Over time, her palette lightened up and bold color invaded her compositions. She almost exclusively painted portraits, finding a new sensitivity to form and light which she expressed in thin semitransparent washes of color rapidly applied to canvas. Neel’s paintings became intuitive, some areas, particularly heads, receiving focused attention, other areas covered in broad, unmodulated washes, the canvas often left altogether bare in places. A spidery, meandering line energizes her portraits. Distortion, rather than leading to abstraction, actually heightens the sense of reality and helps to convincingly convey the personalities of her sitters. There is no doubt that Neel empathizes with her subjects, that her interest in portraying these individuals is anchored in compassion and sympathy.
Alice Neel - Geoffrey Hendricks and Brian - 1978
Alice Neel - The Family - 1970
Alice Neel - Ian and Mary - 1970
Alice Neel - Richard Gibbs - 1968
I think it’s legitimate to categorize Neel’s mature work as expressionist. I arrived at my own approach through an interest in the work of the German and Austrian Expressionists (Kirchner, Heckel, Schiele, Kokoschka, Mueller, Schmidt-Rottluff, Gerstl and Pechstein), who were active in the early 1900’s. These expressionists were also concerned with the dispossessed and the marginalized within their societies but, in the deceptive lull before World War I and the Great Depression, saw life within the underclasses as enticing, a welcome alternative to a life defined by bourgeois values and restrictions. They reveled in painting prostitutes, gypsies, street urchins and circus performers, individuals they saw as free to exist elementally, pursuing healthy and natural inclinations. On the other hand, their portraits of members of their own class were critical, often depicting their sitters as mummified or angst-ridden or repressed.
Having been raised in a somewhat conservative, middle class household in a suburban community fairly devoid of cultural or intellectual diversions, I was similarly motivated to seek escape through art and reacted powerfully to the work of these artists. In my work, I sought to free myself from inhibitions and restraints and to criticize the empty values that were blindly promoted within my culture. Like Neel, I chose to use portraiture as my primary tool in accomplishing this goal. There were a number of reasons for this, the foremost being that I was obsessed with expressing form in paint, the human body offering the perfect subject matter with which to do this. I was also seeking an immediacy in my work, an intuitive approach to painting that rejected the rational and formalism and embraced the instinctive. With very little instruction on my part, I would allow my sitter to pose naturally, only occasionally asking for minor adjustments in positioning or gesture. With extremely thin paints, I rapidly sketched my subject, then I used thick, impasto strokes of relatively unmodulated color ro bring out form. I would usually complete a portrait in one or two sessions. I particularly enjoyed working with live subjects, individuals that I selected from amongst intimates and acquaintances. For me, at that time, it was important to reveal the cracks and flaws inherent in the personality of my sitter as I believed that they reflected in microcosm the imperfections, misconceptions and hypocrisies of our society as a whole. I took an almost devilish delight in doing this. The sitter was a tool in accomplishing this end, and I was ruthless in its execution. I must confess that, unlike Neel, I was motivated very little by compassion or empathy when painting a portrait.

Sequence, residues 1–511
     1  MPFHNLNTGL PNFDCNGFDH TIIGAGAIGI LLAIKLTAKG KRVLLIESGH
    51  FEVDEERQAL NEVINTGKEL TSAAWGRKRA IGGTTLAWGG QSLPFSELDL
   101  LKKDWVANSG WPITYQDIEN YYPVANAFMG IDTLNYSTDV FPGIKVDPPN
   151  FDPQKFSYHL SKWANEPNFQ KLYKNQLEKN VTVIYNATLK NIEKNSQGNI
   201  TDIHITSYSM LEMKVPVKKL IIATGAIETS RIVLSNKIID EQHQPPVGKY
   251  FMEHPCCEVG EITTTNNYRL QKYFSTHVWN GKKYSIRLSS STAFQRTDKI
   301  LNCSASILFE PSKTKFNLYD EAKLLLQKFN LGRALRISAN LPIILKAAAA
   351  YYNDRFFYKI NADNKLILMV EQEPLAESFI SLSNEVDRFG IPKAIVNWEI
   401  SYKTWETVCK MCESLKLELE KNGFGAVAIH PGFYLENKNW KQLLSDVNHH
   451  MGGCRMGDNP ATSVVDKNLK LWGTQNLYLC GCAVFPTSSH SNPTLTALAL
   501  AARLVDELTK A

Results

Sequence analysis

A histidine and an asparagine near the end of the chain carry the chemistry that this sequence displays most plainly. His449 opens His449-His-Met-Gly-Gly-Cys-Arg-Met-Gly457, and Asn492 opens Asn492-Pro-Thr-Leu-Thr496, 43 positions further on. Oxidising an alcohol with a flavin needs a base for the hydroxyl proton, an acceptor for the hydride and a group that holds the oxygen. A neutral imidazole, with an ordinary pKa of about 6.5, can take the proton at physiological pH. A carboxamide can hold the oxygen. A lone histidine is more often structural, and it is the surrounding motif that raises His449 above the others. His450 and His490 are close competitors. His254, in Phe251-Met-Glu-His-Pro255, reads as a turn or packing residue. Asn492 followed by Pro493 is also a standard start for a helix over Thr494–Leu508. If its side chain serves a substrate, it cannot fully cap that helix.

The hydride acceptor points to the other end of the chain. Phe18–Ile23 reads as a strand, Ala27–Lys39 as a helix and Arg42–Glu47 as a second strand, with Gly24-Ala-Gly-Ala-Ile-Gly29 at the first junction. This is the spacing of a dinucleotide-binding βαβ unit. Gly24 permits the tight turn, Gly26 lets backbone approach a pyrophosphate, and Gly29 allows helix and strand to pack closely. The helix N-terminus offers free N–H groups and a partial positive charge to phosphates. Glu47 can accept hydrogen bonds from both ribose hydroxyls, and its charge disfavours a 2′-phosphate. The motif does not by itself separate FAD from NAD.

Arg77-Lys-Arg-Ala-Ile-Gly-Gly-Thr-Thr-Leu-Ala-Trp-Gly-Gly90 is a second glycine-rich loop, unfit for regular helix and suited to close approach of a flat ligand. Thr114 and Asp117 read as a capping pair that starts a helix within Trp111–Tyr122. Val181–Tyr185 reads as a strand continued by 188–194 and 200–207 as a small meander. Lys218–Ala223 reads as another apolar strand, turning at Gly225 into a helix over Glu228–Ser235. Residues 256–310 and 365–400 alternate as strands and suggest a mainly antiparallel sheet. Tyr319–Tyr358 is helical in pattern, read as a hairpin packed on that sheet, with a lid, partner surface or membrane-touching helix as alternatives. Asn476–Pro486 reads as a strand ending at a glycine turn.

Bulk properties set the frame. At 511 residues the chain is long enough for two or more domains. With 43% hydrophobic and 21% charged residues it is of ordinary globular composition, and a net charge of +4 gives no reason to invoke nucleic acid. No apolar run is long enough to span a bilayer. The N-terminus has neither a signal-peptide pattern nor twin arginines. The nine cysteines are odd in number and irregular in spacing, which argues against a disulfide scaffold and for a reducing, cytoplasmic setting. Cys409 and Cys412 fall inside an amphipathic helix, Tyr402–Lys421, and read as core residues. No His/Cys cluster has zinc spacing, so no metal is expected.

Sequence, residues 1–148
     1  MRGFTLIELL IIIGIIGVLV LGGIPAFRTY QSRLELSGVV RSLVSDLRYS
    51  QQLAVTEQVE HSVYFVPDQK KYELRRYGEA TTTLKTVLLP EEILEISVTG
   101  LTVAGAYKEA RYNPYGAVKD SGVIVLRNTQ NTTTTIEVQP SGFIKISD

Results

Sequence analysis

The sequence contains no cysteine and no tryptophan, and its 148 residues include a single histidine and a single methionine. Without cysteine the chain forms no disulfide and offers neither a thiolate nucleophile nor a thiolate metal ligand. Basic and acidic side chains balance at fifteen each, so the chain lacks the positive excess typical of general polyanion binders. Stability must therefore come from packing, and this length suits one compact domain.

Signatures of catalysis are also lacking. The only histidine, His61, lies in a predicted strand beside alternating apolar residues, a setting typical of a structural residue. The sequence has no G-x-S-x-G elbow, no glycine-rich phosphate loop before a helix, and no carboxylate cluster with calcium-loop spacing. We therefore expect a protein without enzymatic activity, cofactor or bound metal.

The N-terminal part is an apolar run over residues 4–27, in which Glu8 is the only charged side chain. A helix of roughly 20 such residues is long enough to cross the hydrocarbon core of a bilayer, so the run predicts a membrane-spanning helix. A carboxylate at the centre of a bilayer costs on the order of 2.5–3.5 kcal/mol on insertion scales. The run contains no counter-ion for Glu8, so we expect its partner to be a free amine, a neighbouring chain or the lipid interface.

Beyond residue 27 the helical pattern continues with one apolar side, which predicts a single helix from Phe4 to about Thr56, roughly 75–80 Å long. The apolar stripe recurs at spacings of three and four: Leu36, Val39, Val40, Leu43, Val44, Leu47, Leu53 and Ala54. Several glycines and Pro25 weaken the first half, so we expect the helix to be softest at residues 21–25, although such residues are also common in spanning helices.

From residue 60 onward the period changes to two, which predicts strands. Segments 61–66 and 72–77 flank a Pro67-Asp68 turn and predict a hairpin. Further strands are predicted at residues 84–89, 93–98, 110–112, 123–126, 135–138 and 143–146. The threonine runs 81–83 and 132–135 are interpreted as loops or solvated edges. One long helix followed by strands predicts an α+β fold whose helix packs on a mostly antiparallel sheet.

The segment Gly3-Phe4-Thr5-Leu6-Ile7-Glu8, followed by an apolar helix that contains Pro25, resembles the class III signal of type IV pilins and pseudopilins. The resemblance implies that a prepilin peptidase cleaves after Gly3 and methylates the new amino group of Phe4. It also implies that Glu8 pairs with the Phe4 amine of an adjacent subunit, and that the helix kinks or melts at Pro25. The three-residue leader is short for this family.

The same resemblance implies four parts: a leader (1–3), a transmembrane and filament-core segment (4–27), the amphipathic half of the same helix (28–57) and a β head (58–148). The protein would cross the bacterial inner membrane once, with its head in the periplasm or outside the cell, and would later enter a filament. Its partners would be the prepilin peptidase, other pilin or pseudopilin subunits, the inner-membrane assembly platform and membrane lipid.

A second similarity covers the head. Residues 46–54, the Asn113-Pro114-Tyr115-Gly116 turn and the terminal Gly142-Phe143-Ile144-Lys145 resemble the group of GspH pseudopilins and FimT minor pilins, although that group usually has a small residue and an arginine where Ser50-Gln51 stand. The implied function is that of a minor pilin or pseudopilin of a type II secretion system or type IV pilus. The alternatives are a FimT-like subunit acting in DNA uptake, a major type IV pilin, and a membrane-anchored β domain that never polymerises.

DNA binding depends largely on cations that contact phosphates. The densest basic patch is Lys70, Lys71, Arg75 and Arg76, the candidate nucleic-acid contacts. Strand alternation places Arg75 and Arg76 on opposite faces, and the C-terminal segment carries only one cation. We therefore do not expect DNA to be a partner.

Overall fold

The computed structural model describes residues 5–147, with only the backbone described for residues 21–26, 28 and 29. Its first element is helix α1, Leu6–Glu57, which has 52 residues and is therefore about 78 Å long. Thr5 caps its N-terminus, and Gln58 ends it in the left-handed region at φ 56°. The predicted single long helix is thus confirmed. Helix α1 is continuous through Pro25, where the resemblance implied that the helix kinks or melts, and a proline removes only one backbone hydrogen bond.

Wickham - Howardena Pindell - 1981 - 30" X 20"
Wickham - Lisa II - 1981 - 24" X 30"
Wickham - David and Matthew - 1981 - 30" X 24"
Wickham - Marie Dauenheimer - 1981 - 30" X 20"
Wickham - Betty - 1981 - 30" X 24"
Wickham - Gesture - 1980 - 24" X 18"